Friday, April 11, 2008

Growing old 'grey'cefully?

It has been rather serious around here lately, so I thought I'd do something really trivial and silly today!

There was a feature about grey hair on yesterday's Woman's Hour on Radio 4. Apparently dyeing one's hair is not the secret, shameful thing it used to be. Nowadays, grey hair is not a sign of wisdom and experience but the mark of someone who doesn't care about their appearance or, perhaps, has given up on life. Everyone is afraid of dying so they are staving off the evil hour with hair dye!

In case you're wondering about the odd picture, below, this is the only record of the minutes after baby Amelia's birth. I forgot to explain to the MM how to use the auto function on my camera and the picture is overexposed. However, it does illustrate that Amelia appears to have inherited my hair colour - our hair and the chair being the only parts of the picture to have been recorded for posterity. As yet, I haven't needed to consider hair dyes. You might notice a few silvers among the brown but not enough to concern me.

Ah, now you have it: "concern me". The language we use about our hair colour reveals that underlying feeling that grey is not necessarily a desirable shade. I don't know why that should be. My sister and most of my friends have been grey for years and I think they look great but I wonder if I want to join them.

Another point the programme presenters made was that the colour people choose to dye their hair is not, as it used to be, blonde but dark brown. Ironic, isn't it? I now look like a grey-haired woman who has dyed her hair!


  1. I (at 50) stopped dying my hair and went grey (my natural colour after many years of having my hair dyed every month) and have actually found it incredibly liberating. I admit that I may not have done this if I had not been diagnosed with breast cancer 2 years ago and lost my hair through chemotherapy, but I decided then to accept whatever grew back. Initially friends told me it was like an old movie where a character is aged by being given grey hair, and they end up with a young face and grey hair.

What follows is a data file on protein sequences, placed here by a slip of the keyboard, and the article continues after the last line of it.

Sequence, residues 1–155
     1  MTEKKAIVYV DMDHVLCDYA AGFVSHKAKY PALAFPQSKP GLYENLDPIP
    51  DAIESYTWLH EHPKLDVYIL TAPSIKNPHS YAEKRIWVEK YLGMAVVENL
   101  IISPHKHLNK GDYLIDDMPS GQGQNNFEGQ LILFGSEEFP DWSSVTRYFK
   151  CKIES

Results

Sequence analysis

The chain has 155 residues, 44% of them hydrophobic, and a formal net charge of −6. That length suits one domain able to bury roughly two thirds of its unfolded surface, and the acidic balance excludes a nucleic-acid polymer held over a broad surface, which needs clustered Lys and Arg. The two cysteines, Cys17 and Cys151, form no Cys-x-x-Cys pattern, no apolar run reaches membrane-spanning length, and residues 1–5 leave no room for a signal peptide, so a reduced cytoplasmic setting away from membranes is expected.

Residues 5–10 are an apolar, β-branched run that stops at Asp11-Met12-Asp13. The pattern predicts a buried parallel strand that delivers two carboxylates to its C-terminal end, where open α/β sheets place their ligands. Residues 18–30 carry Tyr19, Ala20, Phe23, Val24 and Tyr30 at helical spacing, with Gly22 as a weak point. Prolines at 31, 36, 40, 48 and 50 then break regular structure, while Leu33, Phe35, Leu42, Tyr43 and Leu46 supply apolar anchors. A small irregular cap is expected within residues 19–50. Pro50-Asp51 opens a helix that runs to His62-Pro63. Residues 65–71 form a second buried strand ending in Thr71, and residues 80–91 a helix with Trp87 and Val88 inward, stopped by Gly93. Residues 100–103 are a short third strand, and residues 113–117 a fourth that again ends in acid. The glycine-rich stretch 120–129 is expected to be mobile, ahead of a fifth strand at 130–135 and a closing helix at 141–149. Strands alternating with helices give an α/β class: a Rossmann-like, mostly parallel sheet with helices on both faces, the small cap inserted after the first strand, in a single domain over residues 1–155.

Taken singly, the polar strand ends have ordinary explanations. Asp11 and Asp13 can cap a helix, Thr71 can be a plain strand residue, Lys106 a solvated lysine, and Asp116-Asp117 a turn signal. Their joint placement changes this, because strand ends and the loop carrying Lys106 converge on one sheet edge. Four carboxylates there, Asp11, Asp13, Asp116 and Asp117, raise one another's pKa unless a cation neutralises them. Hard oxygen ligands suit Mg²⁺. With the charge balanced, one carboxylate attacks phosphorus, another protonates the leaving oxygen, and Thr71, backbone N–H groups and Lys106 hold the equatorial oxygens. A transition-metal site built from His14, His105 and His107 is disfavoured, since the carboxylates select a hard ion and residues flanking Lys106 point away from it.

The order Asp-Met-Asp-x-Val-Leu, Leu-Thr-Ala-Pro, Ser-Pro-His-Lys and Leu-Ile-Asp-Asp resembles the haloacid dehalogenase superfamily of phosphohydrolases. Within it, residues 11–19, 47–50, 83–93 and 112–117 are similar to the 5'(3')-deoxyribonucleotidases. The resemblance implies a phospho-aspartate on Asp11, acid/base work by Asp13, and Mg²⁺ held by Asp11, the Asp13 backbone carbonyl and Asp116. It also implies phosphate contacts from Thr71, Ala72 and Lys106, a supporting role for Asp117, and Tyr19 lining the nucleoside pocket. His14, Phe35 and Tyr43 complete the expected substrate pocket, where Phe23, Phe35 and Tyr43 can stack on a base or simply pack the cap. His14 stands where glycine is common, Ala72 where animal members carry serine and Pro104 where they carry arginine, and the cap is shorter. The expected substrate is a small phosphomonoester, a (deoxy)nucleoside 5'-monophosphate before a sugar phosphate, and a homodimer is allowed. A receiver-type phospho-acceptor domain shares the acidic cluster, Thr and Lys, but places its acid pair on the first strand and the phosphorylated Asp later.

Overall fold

However I am now very comfortable with it and get a lot of positive comment. I read a article recently and discovered that by doing this I am apparently 'celebrating middle age'. Go for it I say!

  2. My hair is mousey brown and, like a lot of people with that hair colour, it's not going grey very early. I have quite a few grey ones but mostly it's still mousey brown! I can't see me ever dying it, I really can't. I've never been one for a great deal of fuss in the hair dept. As long as it's cut regularly and always clean I'm quite happy.

  3. Well M, no one who has seen you face to face 'in the hair' as it were would doubt that yours is naturally, gorgeously chestnut, bouncy and glowing and I am delighted for Amelia that she has inherited such a wonderful gift. My hair as you know has now gone from rather interesting auburn to entirely white and I like to think that each hair has a life-tale to tell. While rather enjoying how my white-haired friends frequently change their hair colour, it is something I have never really wanted to do – but I am still trying to make up my mind about having my ears pierce. Perhaps for my 65th birthday….

  4. ooh, lucky you, M. I started going grey in my 20s and I'm afraid that just wasn't something I was prepared to 'live with'. And it still isn't. I'm not sure when it will be, but I do know that I have no wish to be a wrinkly 90-year-old with anachronistically dark hair, which I don't consider a 'good look'. So somewhere between now and 90 I will have to do the "grey'ceful" thing. Meanwhile, my five-weekly visit to my hairdresser is my 'only weakness' - but an absolutely vital one! (Coincicentally, I'm off to be tinted and highlighted this very afternoon!)

  5. Well, ladies, I hope you've all been entertained today! Thanks for your responses.

  6. What foolishness! Gray is the new black!


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